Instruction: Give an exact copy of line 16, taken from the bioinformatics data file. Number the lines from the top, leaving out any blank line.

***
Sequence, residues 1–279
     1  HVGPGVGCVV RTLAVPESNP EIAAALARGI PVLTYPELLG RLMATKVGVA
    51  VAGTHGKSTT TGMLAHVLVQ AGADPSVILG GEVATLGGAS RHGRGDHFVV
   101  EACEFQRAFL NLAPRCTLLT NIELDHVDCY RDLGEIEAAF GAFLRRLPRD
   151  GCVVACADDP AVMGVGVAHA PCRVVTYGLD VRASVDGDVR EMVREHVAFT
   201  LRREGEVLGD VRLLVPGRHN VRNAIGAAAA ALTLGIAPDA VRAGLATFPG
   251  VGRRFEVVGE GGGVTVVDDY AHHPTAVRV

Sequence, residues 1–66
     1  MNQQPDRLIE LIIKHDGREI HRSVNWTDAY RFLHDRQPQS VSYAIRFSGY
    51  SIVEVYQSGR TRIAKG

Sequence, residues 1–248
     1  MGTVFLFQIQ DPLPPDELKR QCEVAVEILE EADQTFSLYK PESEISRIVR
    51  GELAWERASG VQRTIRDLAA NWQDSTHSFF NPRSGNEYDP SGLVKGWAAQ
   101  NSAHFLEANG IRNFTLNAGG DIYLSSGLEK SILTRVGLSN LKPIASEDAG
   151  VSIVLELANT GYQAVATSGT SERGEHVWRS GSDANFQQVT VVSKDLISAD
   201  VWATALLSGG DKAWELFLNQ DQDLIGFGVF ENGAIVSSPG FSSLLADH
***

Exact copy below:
   201  VWATALLSGG DKAWELFLNQ DQDLIGFGVF ENGAIVSSPG FSSLLADH